Mayor London Breed Issues Executive Directive to Screen Potential Vulnerable Concrete Buildings and Publish Seismic Retrofit Standards

The Executive Directive paves the way for San Francisco to develop a Concrete Building Safety Program that aims to prevent major structural damage and protect life and safety.
April 16, 2024

San Francisco, CA –Today, Mayor London Breed issued an Executive Directive instructing City Departments to develop legislation to identify concrete buildings that may be vulnerable in major earthquakes. The Directive serves to enhance San Francisco’s seismic safety by protecting life and public safety, preserving housing and critical buildings, preparing the City for expedited post-earthquake recovery, and safeguarding the local economy.  

The resulting legislation will pave the way for the City to develop a retrofit program and related services to address a subset of concrete buildings that are known to be unsafe during large quakes. 

“San Francisco is always working to prepare for its next earthquake because for us it’s not a matter of if, but when,” said Mayor London Breed. “Our efforts to increase San Francisco’s seismic resilience must work hand in hand with our work to strengthen San Francisco’s economic resilience. I want to thank the City Departments and stakeholders who have been developing standards and who are committed to doing the work ahead to keep our city safe and strong as we prepare for the next earthquake.”

Executive Directive 24-01 calls on the Office of Resilience and Capital Planning (ORCP) and the Department of Building Inspection (DBI) to draft legislation that mandates screening concrete buildings for vulnerabilities that could lead to structural failure. Certain types of concrete buildings are known to be vulnerable during large earthquakes, like the one that hit Taiwan earlier this month. However, concrete buildings cannot be identified easily from the street. A screening phase will help identify which buildings are actually concrete.  

The Directive also directs the Department of Building Inspection to develop and publish seismic retrofit standards for concrete buildings in the San Francisco Existing Building Code.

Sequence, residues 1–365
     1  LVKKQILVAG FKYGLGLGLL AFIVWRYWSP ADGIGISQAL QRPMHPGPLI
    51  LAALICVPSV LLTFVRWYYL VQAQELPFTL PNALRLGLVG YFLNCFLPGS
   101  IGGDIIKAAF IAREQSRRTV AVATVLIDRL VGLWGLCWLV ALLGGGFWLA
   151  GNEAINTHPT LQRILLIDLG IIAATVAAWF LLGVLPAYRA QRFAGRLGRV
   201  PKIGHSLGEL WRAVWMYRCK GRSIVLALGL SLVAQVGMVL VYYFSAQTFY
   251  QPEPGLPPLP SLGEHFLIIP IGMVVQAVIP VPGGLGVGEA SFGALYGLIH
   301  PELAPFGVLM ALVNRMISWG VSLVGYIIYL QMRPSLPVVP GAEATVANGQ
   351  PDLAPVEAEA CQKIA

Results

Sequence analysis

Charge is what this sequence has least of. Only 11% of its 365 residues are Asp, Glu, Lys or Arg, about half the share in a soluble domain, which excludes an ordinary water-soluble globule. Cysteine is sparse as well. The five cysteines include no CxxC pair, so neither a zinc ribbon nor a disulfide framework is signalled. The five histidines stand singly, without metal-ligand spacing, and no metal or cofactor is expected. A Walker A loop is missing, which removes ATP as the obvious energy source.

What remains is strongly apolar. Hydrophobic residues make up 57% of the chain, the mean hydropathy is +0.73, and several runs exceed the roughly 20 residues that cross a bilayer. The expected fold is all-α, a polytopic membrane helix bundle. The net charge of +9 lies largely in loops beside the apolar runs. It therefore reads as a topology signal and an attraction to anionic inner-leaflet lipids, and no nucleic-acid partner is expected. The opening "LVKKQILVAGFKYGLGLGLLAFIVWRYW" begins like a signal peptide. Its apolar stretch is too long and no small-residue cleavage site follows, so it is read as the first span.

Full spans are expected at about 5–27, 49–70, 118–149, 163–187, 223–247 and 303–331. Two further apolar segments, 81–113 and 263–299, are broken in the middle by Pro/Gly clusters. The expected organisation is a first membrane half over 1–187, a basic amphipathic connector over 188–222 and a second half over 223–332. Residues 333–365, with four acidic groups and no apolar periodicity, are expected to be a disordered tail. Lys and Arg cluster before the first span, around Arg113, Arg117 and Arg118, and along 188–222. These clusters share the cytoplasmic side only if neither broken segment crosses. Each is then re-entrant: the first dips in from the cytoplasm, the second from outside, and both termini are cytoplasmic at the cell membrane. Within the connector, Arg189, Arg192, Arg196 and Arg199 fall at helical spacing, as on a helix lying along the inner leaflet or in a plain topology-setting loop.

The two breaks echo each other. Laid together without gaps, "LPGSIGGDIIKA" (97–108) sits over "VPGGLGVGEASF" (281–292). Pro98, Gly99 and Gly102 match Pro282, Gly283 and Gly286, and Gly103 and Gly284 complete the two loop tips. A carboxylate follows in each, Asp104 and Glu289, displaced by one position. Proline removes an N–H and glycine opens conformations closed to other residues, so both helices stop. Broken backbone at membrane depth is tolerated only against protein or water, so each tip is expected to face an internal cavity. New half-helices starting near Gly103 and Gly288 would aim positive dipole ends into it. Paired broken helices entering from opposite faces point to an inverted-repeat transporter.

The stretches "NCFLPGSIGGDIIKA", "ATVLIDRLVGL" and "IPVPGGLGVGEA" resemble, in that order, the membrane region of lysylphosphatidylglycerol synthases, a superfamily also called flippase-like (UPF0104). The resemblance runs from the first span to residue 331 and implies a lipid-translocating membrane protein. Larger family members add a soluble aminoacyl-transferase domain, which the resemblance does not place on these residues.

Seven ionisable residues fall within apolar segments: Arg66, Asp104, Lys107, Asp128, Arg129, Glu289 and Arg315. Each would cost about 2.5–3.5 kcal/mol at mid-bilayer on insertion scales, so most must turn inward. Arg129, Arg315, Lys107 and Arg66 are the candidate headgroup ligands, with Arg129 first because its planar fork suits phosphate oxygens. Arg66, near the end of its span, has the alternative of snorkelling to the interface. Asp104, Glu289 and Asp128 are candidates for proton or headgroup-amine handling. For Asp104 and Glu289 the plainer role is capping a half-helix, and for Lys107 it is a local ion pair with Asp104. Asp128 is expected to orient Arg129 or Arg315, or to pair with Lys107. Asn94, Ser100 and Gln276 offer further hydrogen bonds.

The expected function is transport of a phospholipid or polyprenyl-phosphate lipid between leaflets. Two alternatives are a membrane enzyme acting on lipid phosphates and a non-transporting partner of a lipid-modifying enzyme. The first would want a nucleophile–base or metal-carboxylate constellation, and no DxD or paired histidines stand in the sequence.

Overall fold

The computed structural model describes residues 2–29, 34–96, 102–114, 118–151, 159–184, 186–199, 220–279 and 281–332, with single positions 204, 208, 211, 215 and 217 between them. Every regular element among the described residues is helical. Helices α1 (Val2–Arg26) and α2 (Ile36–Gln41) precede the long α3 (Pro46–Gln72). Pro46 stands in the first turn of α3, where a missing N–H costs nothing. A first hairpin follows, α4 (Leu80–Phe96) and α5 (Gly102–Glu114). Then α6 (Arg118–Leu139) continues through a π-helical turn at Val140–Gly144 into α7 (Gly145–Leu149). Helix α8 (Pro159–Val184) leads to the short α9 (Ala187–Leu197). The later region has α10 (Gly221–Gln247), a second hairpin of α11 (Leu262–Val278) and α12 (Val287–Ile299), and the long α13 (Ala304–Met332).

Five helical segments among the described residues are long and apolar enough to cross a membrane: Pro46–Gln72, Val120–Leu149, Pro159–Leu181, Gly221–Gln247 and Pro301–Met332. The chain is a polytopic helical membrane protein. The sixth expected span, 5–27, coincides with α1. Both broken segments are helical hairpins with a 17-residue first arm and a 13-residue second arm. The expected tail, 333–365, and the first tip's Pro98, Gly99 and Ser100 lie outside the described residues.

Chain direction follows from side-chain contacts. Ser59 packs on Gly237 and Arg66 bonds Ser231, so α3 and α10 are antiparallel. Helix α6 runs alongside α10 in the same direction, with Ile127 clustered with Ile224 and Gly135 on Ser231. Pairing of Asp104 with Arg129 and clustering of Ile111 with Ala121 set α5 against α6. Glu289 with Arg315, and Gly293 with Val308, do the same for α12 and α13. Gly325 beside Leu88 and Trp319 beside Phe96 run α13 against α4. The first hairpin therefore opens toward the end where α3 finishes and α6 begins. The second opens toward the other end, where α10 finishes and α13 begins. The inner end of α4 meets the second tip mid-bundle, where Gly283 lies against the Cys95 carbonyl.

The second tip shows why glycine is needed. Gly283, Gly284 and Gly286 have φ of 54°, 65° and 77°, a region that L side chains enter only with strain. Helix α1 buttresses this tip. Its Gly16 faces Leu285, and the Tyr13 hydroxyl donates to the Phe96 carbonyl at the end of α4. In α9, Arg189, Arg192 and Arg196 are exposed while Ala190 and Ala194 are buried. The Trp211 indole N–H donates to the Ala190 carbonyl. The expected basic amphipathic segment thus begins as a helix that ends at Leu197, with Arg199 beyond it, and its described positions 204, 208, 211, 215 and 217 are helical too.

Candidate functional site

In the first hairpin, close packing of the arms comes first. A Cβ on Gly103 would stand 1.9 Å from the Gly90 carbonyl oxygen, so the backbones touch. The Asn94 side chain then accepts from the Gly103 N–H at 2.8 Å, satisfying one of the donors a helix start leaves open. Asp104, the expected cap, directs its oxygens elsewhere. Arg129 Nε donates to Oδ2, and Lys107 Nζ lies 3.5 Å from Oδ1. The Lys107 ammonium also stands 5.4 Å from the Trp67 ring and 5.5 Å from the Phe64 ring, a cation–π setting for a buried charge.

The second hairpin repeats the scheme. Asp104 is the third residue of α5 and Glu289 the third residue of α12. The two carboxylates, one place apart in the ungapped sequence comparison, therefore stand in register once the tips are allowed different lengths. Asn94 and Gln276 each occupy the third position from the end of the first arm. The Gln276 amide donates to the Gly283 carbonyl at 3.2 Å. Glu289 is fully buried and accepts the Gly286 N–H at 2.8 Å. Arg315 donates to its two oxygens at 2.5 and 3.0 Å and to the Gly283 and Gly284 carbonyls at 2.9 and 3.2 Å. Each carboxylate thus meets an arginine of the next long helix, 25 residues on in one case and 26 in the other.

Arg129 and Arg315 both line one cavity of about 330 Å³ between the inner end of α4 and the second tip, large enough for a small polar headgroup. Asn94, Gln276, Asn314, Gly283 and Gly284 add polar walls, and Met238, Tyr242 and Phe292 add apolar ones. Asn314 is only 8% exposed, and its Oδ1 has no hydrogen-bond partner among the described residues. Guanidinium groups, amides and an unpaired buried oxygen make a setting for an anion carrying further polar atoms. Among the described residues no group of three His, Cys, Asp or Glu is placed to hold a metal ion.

“I want to thank Mayor Breed for her leadership in convening stakeholders focused on concrete buildings and for her immediate actions to move us forward with this Executive Directive," said City Administrator Carmen Chu. "Assessing our real risk grounded in building-by-building data will help us better understand the magnitude of work needed and options for mitigating displacement and cost. Building owners who are ready to retrofit benefit from clear guidelines moving forward. I look forward to continuing our work in partnership with our stakeholders and policymakers.”  

This week, the Office of Resilience and Capital Planning released recommendations developed by a working group of technical experts and community stakeholders to provide a framework to develop a Concrete Building Safety Program. The recommendations, developed during a 12-month-long series of convenings hosted by ORCP, are available to read here.    

San Francisco has 72 percent chance of experiencing an earthquake with a magnitude of 6.7 or greater by 2043, according to the U.S. Geological Survey (USGS). For comparison, the 1989 Loma Prieta Earthquake, in which 63 people died and over 12,000 people were displaced, was a 6.9 magnitude quake.  

“To ensure our City’s buildings are prepared to withstand the next big earthquake, we need to identify which ones need to be improved,” said San Francisco Department of Building Inspection Director Patrick O’Riordan. “The Mayor’s directive will enable us to understand the current condition of the City’s concrete buildings, identify which ones need to be retrofitted, and establish the safety standards those structures will need to meet in the coming years.”  

“Each proactive step we can take as a city to mitigate damage after a major earthquake helps set all of us up for a more resilient recovery,” said Mary Ellen Carroll, Executive Director of the San Francisco Department of Emergency Management. “As our city takes these decisive steps to enhance seismic resilience, this directive reminds residents and businesses that we all play a vital role in minimizing the inevitable impacts of a major earthquake. We are grateful for this opportunity to identify and therefore mitigate risk to concrete buildings.” 

“We need to strengthen our downtown and our economy, ensuring that our community and our businesses are resilient to earthquakes now and into the future,” said Rodney Fong, President and CEO of the San Francisco Chamber of Commerce. “Now is the time for the City to create a clear pathway so that owners of concrete buildings who decide to retrofit can jump on the opportunity to do so.”   

“At this critical time for our City and our economy, the Mayor is taking the right step by initiating a screening program to better understand our seismic risk,” said Janan New, Director of the San Francisco Apartment Association. At the same time, owners of concrete buildings who choose to retrofit need clarity. We need to give people options to minimize cost and disruption to tenants and to maximize safety.”   

The Executive Directive is available to read here.